PMP plans sale, leaseback of properties to generate cash

Published: Mon 27 Aug 2012 01:27 PM
PMP plans sale, leaseback of properties to generate at least A$75M
Aug. 27 (BusinessDesk) - PMP, the printing and magazine distribution company, plans to sell and lease back properties in Australia and New Zealand to generate at least A$75 million of cash after posting a wider full-year loss.
The deals are to be completed in the second half of 2013, with the majority of funds to be used to repay debt, the ASX-listed company said in a statement. It has gained sign off from its banks for the plans.
Sydney-based PMP posted a net loss of A$24.5 million in the 12 months ended June 30, up from a loss of A$11.3 million a year earlier. Sales declined 8.4 percent to A$1.09 billion.
The drop in earnings mainly reflected lower volumes, the loss of a key contract and “tough retail conditions, it said. One-time items after tax were A$33.3 million, mainly reflecting a A$19.3 million impairment of its Sensis business, down from A$40 million a year earlier.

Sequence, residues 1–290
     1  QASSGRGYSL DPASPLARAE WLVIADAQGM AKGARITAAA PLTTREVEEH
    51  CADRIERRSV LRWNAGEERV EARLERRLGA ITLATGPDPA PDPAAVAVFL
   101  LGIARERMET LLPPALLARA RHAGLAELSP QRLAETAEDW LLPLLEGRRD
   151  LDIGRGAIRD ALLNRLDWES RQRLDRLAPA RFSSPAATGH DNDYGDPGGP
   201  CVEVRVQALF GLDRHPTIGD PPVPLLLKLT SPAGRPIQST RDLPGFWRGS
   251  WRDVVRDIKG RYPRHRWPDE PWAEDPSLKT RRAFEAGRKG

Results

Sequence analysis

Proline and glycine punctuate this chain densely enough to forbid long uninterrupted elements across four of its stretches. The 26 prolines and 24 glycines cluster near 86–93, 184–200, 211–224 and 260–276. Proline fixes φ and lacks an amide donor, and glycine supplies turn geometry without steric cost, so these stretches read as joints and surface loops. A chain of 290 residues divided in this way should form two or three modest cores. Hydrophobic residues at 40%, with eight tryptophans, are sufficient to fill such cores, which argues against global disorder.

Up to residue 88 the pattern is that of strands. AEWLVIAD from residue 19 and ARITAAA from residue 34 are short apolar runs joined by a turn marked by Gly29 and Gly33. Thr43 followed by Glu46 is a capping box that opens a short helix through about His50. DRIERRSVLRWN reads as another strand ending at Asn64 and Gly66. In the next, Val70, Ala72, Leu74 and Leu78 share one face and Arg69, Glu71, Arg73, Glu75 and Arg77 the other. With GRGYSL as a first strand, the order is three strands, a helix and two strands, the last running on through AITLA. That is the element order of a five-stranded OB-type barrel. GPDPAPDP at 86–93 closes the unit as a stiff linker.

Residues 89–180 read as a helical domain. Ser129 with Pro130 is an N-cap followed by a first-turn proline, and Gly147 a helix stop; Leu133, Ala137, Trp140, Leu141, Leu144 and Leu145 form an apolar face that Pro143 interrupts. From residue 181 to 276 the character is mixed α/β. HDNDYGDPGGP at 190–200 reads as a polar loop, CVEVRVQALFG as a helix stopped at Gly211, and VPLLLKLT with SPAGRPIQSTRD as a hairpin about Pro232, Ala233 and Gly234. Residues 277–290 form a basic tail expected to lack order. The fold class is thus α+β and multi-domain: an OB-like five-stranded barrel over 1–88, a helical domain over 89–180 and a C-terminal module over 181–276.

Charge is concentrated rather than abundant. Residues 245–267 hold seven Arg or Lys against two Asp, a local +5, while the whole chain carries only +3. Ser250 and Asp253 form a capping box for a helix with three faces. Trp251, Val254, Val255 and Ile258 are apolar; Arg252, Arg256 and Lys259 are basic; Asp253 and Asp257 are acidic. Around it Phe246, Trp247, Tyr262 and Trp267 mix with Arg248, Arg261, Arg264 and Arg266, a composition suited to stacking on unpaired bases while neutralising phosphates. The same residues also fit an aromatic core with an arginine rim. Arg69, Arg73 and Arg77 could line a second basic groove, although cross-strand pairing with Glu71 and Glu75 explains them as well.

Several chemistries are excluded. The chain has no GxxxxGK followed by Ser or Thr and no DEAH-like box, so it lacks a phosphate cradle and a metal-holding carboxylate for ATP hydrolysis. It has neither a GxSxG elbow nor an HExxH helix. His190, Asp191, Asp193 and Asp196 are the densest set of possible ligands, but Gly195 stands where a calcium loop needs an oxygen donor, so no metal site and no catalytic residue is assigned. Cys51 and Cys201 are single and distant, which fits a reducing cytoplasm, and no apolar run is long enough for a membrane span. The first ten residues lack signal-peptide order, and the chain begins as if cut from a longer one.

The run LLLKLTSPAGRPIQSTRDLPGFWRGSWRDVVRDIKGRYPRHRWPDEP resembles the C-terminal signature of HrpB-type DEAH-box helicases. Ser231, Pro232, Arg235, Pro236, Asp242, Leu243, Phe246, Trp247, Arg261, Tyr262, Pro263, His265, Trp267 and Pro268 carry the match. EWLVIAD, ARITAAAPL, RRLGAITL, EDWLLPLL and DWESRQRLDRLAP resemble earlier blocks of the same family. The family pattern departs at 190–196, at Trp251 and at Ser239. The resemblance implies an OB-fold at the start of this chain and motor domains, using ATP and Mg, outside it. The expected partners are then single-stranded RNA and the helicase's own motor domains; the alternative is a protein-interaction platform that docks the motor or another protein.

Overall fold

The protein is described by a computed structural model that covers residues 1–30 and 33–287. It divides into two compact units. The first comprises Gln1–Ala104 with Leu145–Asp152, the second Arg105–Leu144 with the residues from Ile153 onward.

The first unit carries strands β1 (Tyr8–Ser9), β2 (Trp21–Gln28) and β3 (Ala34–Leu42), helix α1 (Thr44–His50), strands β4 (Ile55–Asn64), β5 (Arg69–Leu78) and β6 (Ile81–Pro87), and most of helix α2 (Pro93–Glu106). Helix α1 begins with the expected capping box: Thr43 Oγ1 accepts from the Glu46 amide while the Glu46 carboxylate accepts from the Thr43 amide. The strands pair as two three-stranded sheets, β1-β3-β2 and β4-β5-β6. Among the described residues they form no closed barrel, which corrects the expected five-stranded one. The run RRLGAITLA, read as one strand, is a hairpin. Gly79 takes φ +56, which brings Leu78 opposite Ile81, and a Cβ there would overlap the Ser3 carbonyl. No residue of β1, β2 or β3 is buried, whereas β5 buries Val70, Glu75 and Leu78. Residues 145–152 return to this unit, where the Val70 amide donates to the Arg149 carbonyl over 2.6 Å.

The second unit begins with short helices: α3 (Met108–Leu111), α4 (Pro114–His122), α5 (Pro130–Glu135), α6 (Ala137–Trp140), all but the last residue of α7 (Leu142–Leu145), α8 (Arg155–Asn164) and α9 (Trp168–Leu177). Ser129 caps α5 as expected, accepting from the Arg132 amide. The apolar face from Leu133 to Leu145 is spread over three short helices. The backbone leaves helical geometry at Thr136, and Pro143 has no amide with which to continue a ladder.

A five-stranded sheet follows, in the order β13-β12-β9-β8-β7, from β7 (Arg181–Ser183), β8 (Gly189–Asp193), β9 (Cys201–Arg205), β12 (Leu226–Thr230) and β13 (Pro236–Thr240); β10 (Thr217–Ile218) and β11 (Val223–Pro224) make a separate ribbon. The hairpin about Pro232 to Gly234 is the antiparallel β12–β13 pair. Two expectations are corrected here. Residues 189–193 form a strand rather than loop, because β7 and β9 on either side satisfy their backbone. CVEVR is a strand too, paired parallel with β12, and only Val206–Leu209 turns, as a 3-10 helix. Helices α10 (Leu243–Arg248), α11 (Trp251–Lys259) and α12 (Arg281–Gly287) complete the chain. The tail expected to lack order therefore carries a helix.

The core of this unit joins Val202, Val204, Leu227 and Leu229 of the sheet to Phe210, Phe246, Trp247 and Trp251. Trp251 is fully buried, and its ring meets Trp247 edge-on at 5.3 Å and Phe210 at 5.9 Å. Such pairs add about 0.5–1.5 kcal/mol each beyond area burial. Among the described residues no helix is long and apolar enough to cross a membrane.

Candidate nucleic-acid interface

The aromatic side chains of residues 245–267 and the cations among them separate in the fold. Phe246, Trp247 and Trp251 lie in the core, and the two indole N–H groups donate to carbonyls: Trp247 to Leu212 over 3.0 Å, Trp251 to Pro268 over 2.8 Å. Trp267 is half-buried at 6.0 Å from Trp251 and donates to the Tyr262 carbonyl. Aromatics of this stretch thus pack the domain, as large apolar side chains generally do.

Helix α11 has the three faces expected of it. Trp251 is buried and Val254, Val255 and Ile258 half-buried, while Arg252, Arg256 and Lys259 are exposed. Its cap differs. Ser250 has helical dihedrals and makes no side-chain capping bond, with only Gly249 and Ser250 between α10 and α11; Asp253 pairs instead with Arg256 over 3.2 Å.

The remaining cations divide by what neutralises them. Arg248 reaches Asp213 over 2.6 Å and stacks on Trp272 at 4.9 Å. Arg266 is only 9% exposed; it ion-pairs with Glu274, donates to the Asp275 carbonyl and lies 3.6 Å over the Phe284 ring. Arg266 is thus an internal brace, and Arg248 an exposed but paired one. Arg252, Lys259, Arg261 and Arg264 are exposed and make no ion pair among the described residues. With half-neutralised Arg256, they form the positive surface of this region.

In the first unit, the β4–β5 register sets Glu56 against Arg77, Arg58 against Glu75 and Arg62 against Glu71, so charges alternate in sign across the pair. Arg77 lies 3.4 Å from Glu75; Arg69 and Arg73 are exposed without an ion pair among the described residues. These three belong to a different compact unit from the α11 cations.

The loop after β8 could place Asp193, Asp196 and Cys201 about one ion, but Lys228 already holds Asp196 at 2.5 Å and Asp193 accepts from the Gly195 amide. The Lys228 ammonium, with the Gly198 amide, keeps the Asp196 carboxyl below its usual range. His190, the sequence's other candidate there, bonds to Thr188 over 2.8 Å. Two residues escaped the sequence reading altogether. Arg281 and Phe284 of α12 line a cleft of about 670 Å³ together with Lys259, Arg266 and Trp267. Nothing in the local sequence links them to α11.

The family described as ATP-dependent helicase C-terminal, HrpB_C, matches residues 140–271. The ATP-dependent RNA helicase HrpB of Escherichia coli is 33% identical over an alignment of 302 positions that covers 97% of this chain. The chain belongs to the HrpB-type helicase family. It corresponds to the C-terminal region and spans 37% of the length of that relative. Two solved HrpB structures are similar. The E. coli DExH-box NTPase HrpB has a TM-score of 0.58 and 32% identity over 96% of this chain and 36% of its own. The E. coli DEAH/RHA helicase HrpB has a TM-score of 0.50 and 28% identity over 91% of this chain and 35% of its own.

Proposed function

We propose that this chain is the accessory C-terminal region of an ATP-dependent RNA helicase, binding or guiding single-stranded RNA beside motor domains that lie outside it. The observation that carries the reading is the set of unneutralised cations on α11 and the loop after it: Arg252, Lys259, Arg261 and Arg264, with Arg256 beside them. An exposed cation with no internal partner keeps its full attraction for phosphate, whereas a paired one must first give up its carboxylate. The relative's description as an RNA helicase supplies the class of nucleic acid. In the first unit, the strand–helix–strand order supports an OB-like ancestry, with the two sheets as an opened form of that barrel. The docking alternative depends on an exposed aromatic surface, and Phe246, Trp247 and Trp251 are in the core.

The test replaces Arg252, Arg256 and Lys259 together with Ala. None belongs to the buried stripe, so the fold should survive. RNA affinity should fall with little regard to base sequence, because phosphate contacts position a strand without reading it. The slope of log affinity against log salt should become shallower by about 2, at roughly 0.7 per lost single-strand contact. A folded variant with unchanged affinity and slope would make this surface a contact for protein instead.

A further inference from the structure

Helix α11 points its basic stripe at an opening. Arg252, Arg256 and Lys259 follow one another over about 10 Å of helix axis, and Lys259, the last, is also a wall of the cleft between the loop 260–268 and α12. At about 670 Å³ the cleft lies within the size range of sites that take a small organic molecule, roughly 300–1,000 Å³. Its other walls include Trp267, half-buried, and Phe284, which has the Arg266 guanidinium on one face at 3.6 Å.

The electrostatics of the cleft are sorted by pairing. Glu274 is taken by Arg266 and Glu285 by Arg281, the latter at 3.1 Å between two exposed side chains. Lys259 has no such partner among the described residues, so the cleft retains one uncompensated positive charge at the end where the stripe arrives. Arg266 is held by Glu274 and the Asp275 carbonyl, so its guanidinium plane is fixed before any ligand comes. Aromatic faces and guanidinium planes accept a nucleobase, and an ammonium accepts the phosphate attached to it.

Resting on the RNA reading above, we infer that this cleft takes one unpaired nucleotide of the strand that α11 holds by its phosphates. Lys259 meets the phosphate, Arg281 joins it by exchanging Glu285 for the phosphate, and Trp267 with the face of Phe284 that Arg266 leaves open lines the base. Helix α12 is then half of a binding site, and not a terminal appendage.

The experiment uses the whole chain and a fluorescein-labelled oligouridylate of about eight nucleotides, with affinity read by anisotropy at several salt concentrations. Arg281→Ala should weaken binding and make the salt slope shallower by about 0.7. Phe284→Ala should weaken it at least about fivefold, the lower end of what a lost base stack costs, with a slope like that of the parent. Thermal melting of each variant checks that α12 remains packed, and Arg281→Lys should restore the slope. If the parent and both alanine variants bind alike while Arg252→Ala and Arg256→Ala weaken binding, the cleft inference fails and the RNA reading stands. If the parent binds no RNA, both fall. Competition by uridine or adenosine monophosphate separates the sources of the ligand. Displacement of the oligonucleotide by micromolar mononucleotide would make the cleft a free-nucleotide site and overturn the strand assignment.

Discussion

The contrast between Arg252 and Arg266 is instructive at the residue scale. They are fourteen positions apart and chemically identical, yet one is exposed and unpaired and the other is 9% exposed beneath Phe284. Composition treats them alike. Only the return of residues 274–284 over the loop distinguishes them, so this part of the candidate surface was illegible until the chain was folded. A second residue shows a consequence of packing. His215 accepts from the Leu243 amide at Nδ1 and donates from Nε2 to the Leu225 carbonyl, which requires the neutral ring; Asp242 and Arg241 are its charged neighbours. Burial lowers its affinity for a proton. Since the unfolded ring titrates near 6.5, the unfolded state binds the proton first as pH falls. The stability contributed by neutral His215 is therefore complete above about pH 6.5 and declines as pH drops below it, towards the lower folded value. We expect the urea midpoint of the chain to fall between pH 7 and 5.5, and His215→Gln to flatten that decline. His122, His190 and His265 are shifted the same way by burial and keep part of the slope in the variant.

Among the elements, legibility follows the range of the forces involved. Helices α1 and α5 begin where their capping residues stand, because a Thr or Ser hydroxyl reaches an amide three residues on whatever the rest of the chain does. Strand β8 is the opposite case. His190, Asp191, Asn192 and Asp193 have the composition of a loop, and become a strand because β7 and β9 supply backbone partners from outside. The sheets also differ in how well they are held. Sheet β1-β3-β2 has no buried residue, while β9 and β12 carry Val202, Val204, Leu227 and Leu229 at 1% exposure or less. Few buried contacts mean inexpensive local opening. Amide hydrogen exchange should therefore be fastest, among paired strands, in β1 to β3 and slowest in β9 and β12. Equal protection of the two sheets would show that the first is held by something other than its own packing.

The company will pay a final dividend of 1 Australian cent a share, unchanged from 2011.
Shares of PMP fell 1.7 percent to 29 Australian cents. They have about halved from their recent peak of 65 cents on April 27, after the company disclosed a highly conditional offer from Sydney-based ticketing, parking equipment and packaging services firm TMA Group of between 68 Australian cents and 78 cents – more than three times PMP’s market value at the time.
The company’s debt-to-equity ratio rose to 44.7 percent from 39.7 percent a year earlier.
PMP New Zealand posted a 9.4 percent drop is operating revenue to A$171.4 million, while earnings before interest and tax tumbled 67 percent to A$1.6 million.
It said New Zealand print volumes were 7 percent down on the year due to ongoing pressure on publishing and retail, while paper prices rose in the first half because of production disruption in Japan post the tsunami.
Its Gordon & Gotch distribution unit recorded a 13 percent decline in sales to A$358.5 million and a 72 percent slump in ebit to A$1 million. Sales at its biggest unit, print Australia, fell 4.9 percent to A$449.3 million while ebit fell 29 percent to A$39.4 million.
Chief executive Richard Allely said for the year ahead, retail volumes weren’t expected to show any improvement and magazine and directory volumes would decline. In response, the company is seeking significant cost cuts and debt repayment.
It will provide a market update at its annual meeting in November.

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